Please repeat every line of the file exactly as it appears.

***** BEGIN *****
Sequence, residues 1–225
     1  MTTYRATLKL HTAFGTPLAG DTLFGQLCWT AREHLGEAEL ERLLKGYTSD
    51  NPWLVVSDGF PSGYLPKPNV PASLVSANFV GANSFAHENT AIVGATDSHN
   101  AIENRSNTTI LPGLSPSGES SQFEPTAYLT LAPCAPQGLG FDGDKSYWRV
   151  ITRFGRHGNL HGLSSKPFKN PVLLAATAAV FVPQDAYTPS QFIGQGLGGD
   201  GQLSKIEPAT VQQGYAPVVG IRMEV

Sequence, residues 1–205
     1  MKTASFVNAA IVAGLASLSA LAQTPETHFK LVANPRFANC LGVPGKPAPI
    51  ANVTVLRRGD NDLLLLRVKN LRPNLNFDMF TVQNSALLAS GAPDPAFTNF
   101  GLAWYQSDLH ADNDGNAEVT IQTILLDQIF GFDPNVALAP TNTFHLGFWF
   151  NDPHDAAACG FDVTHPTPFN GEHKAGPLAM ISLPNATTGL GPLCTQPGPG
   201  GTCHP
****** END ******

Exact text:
Sequence, residues 1–225
     1  MTTYRATLKL HTAFGTPLAG DTLFGQLCWT AREHLGEAEL ERLLKGYTSD
    51  NPWLVVSDGF PSGYLPKPNV PASLVSANFV GANSFAHENT AIVGATDSHN
   101  AIENRSNTTI LPGLSPSGES SQFEPTAYLT LAPCAPQGLG FDGDKSYWRV
   151  ITRFGRHGNL HGLSSKPFKN PVLLAATAAV FVPQDAYTPS QFIGQGLGGD
   201  GQLSKIEPAT VQQGYAPVVG IRMEV

Sequence, residues 1–205
     1  MKTASFVNAA IVAGLASLSA LAQTPETHFK LVANPRFANC LGVPGKPAPI
    51  ANVTVLRRGD NDLLLLRVKN LRPNLNFDMF TVQNSALLAS GAPDPAFTNF
   101  GLAWYQSDLH ADNDGNAEVT IQTILLDQIF GFDPNVALAP TNTFHLGFWF
   151  NDPHDAAACG FDVTHPTPFN GEHKAGPLAM ISLPNATTGL GPLCTQPGPG
   201  GTCHP